Sunday, 30 May 2010
BOOKER T at the JAZZ CAFE
Stood at the bar as Booker T. Jones performs soul classics he helped create isn’t the worse way to spend a Friday night. He was recording for Stax before it was even called Stax and as house band for the label Booker T & The MGs would feature on hundreds of hits (and misses) that defined the Memphis soul stew. Add to that the songs Jones wrote, arranged, performed and produced and you’ve got yourself a bona fide legend.
For all that, he is synonymous with “Green Onions” and that’s always going to be a defining moment whenever he plays. He plays it surprisingly early – third number in – to get it out of the way. It wasn’t just his Hammond organ that made that record so timeless, it was Steve Cropper’s sharp guitar slashes, Lewis Steinburg’s walking bass groove and Al Jackson Jr’s taut drum snaps. Beyond Booker’s playing not much survives. The economy of delivery replaced by the fussiness of his MG-less band who indulge in extreme eyes-closed guitar wanking.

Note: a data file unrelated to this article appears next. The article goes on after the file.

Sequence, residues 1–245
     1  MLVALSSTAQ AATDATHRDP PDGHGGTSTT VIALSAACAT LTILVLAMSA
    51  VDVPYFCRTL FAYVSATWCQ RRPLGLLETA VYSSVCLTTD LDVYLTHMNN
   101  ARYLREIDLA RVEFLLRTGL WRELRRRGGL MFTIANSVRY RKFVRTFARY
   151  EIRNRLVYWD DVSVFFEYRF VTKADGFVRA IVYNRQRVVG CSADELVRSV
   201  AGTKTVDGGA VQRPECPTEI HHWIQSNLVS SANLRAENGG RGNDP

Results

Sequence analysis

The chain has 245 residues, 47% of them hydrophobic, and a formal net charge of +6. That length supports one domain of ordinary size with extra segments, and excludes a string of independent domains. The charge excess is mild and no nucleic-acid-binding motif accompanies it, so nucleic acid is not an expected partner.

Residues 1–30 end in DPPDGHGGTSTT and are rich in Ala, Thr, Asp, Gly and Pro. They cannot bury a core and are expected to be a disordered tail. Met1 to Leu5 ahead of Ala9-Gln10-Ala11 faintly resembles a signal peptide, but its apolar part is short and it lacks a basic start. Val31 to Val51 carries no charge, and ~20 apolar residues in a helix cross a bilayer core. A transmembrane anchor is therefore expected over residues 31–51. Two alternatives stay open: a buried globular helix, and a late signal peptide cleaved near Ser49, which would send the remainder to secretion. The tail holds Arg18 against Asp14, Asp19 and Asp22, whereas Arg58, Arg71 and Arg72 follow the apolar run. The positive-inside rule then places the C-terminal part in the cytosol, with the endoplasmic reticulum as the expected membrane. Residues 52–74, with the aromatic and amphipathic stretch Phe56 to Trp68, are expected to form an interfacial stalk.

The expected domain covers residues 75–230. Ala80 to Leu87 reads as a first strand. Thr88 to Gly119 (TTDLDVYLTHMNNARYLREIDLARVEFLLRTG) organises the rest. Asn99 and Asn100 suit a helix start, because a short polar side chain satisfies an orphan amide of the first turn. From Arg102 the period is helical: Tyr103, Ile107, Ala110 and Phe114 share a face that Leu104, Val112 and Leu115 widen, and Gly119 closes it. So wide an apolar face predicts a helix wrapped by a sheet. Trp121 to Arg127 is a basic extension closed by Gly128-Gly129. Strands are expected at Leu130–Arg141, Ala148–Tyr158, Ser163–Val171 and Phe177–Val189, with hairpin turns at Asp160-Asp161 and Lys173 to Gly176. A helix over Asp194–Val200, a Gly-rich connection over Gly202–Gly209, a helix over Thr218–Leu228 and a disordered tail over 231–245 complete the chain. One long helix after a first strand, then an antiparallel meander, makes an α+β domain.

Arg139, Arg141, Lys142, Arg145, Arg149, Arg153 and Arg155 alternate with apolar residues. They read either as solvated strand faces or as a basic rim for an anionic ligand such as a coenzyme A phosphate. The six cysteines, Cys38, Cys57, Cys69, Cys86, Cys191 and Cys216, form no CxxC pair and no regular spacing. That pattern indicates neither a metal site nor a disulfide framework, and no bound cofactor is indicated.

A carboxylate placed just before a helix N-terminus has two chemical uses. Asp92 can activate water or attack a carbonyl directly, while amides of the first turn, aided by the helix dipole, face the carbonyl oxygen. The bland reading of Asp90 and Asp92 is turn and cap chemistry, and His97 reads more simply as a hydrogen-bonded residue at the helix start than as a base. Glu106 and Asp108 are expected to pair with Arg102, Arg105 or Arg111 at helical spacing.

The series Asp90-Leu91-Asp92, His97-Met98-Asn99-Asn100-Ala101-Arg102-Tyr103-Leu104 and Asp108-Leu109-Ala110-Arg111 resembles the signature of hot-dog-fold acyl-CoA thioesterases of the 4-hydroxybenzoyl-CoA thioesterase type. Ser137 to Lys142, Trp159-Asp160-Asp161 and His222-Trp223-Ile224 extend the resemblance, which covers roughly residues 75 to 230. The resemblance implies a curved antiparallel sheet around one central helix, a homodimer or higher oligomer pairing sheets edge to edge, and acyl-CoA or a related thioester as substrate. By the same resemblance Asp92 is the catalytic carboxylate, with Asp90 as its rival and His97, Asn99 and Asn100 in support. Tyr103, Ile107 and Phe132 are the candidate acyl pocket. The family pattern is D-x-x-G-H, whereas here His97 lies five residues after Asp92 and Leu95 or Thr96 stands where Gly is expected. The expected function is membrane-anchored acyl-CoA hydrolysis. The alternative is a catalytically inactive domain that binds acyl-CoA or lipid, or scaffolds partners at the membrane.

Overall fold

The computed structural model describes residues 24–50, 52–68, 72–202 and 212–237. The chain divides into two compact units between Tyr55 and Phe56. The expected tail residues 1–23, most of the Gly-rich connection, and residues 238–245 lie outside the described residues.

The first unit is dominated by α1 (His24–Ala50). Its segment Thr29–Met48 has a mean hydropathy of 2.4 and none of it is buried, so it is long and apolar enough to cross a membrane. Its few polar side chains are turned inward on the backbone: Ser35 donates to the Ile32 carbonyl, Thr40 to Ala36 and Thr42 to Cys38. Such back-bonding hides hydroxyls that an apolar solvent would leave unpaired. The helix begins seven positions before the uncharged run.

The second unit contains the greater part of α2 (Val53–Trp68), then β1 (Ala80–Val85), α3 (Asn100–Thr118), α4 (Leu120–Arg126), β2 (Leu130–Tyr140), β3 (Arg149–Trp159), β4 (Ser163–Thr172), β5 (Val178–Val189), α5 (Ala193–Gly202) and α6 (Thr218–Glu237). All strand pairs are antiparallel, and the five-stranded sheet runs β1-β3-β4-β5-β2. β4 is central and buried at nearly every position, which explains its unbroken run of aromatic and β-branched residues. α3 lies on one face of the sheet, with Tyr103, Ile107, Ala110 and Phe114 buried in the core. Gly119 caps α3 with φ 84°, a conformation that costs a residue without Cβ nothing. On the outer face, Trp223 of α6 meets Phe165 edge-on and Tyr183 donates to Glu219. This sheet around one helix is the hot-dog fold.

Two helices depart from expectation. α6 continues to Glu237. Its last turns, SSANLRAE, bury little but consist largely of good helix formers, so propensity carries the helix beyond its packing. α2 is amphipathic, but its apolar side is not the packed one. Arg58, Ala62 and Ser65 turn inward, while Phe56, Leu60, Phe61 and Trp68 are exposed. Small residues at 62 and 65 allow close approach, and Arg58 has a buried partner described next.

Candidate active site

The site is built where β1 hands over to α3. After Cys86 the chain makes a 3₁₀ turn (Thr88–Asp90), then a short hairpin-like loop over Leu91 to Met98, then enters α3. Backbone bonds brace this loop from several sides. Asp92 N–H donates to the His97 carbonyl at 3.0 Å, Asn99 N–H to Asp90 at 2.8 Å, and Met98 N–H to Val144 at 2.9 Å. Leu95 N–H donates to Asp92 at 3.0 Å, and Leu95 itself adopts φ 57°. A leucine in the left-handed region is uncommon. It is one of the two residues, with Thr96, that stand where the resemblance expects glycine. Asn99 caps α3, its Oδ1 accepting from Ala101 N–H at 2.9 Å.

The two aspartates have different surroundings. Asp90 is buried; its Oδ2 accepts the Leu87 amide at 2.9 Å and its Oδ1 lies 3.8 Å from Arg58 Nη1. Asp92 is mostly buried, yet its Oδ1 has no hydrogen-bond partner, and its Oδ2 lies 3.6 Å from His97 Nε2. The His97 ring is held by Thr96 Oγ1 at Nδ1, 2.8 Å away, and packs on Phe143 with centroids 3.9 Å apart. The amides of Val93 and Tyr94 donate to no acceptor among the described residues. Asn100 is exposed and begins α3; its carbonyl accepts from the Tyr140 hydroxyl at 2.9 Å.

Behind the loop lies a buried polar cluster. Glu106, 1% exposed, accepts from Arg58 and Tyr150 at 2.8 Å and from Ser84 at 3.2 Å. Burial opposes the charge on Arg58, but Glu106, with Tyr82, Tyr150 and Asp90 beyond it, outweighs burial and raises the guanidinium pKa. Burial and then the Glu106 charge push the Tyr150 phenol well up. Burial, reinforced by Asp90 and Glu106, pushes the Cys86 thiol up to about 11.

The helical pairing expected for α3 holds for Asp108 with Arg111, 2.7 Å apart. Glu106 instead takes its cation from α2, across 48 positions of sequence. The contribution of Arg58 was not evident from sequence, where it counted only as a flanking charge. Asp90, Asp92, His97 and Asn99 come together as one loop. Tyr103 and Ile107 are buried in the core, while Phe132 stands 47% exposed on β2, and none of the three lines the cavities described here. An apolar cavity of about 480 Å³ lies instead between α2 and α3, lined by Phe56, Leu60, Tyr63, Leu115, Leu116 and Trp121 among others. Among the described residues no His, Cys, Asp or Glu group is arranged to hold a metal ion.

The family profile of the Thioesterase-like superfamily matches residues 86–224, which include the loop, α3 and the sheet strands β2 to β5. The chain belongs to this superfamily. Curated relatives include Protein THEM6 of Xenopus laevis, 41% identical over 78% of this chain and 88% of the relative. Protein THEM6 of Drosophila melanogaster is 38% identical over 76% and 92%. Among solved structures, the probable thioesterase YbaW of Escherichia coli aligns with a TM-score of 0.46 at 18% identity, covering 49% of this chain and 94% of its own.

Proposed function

“Born Under A Bad Sign” the song he co-wrote and played on for Albert King comes next and he takes on vocal duties. He’s a jobbing singer, nothing more, and hearing him strolling through “Hold On, I’m Coming”, “Ain’t No Sunshine”, “Take Me To The River” and “(Sittin’ On) The Dock Of The Bay” only shines a light on how much vitality Sam and Dave, Bill Withers, Otis Redding and co infused those recordings. It wouldn’t have gone a miss to hear him on organ on those rather than barely audible guitar either. He does thankfully give the Hammond a poke for “Soul Limbo”, “Time Is Tight” and “Melting Pot”. Whether “Melting Pot” is improved by a rapping drummer is doubtful.
I’m sounding very negative and grumpy but it wasn’t bad. It was just, you know, all right. I don’t like Booker T and the MGs any less now and after nearly fifty years in the business, achieving everything he has, I doubt he gives a monkey’s about some jumped up punk’s minor quibbles. And they are minor quibbles, like I say, seeing someone at close quarters who shaped so many records in your collection isn’t something to be too sniffy about.